It's probably a bit far-fetched in that I don't think so many people in real life would be complicit in such bad goings-on, but it's all believable within the story, and very suspenseful...
It's fast and enjoyable - though I think it has more swearing than the other books so that might put some people off, but it all fit with the storyline. The narration is very well done.
I really enjoyed this one as I did the three that preceded it. I thought it was very well thought out and it left me going until the very end. I think Grabenstein gets better at this with each Ceepak mystery he writes. I highly recommend this. I'm going back to read Hell for the Holidays but hope that Grabenstein releases his next Ceepak mystery real soon!
Say something about myself! I'm 66 with poor vision and HANDICAPPED,I save all my actual reading for my bible. My pleasure is at AUDIBLE!
the story move fast and holds your interest..but it is totally ruined by the LARGE amount of excessive profanity. I would rate it 5 stars if the profanity level was missing
I really like Grabenstein's books. They are suspensful and interesting but not in a creepy way. The background characters are interesting and cover the real life spectrum. Having spent lots of time in beach communities I can see how these characters could be among us.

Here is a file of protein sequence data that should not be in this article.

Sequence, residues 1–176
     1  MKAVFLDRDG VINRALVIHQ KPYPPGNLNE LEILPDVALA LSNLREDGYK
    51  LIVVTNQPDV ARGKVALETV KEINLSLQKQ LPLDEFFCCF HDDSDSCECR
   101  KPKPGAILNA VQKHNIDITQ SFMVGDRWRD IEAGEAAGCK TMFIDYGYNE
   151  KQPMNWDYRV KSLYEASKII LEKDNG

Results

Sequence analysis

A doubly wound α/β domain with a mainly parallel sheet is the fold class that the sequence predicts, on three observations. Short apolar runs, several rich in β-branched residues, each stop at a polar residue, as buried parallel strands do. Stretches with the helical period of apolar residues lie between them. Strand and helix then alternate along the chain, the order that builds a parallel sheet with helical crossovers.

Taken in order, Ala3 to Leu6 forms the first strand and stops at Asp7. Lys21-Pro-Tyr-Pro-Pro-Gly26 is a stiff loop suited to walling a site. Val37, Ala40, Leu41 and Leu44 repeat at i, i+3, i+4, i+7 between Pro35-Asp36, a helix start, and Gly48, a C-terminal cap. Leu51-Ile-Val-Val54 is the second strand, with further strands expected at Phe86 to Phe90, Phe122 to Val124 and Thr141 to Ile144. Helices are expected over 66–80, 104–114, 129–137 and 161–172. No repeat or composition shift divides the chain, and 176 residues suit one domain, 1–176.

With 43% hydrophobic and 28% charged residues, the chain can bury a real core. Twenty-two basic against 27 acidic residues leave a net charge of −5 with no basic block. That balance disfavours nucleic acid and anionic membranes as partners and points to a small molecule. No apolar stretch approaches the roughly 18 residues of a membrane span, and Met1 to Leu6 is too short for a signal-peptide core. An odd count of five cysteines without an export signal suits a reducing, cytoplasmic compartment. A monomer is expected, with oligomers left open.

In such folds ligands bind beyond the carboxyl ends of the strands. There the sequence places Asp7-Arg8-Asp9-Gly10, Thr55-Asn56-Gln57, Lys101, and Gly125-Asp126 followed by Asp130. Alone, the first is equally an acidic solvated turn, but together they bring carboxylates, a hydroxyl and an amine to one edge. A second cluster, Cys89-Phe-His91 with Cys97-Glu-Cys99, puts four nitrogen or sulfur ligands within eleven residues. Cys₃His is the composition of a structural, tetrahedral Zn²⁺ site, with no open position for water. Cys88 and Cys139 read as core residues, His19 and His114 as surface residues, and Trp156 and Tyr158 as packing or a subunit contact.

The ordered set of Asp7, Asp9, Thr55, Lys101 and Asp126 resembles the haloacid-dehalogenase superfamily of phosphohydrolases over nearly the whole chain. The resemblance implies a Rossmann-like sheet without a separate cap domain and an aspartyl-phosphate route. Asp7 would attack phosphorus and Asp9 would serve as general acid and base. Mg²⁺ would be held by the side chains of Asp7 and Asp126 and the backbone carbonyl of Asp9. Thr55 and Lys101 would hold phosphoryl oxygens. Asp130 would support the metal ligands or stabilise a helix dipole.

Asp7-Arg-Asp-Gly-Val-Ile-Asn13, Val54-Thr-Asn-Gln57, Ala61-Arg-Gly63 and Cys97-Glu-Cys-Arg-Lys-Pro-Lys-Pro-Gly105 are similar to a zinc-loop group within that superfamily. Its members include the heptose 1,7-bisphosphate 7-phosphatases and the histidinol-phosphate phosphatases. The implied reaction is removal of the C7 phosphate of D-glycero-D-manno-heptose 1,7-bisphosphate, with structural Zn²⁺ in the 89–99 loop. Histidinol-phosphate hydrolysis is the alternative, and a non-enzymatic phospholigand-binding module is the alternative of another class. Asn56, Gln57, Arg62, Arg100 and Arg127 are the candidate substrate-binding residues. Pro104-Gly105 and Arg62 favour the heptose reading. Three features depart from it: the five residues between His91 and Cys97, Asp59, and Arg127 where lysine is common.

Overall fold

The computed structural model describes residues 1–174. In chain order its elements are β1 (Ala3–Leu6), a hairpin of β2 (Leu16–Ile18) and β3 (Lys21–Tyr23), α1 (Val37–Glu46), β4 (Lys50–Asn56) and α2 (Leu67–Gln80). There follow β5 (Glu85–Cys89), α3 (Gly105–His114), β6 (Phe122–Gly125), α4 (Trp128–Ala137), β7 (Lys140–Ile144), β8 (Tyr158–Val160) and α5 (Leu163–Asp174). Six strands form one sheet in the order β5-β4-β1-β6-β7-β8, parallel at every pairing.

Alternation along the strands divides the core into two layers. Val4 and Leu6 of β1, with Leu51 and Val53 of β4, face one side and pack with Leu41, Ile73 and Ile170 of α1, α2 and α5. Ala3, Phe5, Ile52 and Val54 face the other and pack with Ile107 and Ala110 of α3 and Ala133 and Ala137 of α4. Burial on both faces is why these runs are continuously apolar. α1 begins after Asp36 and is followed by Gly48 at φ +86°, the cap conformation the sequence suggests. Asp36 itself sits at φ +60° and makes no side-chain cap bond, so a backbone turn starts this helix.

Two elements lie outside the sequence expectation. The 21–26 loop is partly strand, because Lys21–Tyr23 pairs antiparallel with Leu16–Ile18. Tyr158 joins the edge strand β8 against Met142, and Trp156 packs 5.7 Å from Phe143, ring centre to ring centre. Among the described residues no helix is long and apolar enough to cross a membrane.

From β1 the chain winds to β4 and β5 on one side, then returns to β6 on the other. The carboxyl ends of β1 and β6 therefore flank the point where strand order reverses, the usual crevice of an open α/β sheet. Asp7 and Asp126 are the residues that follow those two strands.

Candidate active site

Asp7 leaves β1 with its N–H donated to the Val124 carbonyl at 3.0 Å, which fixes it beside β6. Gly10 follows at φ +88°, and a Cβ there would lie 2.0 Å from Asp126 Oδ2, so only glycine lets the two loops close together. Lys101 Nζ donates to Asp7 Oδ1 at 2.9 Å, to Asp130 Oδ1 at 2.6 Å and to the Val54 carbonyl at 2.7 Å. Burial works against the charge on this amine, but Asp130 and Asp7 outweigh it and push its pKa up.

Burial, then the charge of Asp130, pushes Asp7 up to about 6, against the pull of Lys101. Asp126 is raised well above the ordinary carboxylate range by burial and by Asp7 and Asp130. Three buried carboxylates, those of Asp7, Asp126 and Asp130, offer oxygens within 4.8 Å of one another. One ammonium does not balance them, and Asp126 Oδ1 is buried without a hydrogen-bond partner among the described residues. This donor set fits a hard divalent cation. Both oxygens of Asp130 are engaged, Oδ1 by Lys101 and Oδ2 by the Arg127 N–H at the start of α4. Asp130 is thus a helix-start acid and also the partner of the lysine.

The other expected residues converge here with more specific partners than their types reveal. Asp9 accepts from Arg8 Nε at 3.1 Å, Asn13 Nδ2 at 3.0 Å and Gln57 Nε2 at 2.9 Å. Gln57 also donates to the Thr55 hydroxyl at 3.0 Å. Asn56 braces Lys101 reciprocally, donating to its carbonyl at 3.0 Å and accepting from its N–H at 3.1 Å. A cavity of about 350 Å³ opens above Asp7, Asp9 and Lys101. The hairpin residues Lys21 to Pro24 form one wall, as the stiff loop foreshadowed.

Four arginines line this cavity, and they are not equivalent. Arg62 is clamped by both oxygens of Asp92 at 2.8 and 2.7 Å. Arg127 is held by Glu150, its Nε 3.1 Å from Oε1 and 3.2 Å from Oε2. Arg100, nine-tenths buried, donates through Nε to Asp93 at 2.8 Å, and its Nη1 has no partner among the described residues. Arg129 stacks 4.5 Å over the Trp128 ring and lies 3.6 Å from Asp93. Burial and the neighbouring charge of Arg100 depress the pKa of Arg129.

The story line in Woodman's latest effort develops and culminates better than any of the previous books.
Very entertaining and good fun.
Jeff Woodman, again, is absolutely brilliant in his portraying of the characters!
I can enjoy listening pretty much anything if the narrator does it right, and Woodman makes all the right choices - so good I forget he's reading. It's like watching a brilliant actor, forgetting they are reciting a script, and really believing in the character.
If you like a listen for the good narration, this series is a must.
This is a book written for grade school kids if it were not for the story line. I was very disappointed and could hardly finish it. I would not recommend this book to anyone. The storyline was good but the way it was written was not, very childish and boring. Don't waste your money on this one, or your time!
This is the first Grabenstein book I've read/heard. It will be my last. I bought it on the half-price sale and I don't think it was worth even that. John Ceepak is a wooden, one-dimensional, incredibly inauthentic character. In fact, he's just the idea of a character, barely a character at all. The narrator's reading of this character's voice only makes the character more flat and unbelievable. The author also has a bad habit of talking about how brilliant this character is through his sidekick Danny's commentary. Even if your plotting or your detective's deductions really are brilliant, it's not a good idea to say so overtly. If they really are--and they're not in this case--your readers will make that judgment. If they're not so brilliant, you just look foolish for claiming they are. To Grabenstein's credit, there are a few interesting moments in the plot. But overall, this is not even mediocre quality mystery writing.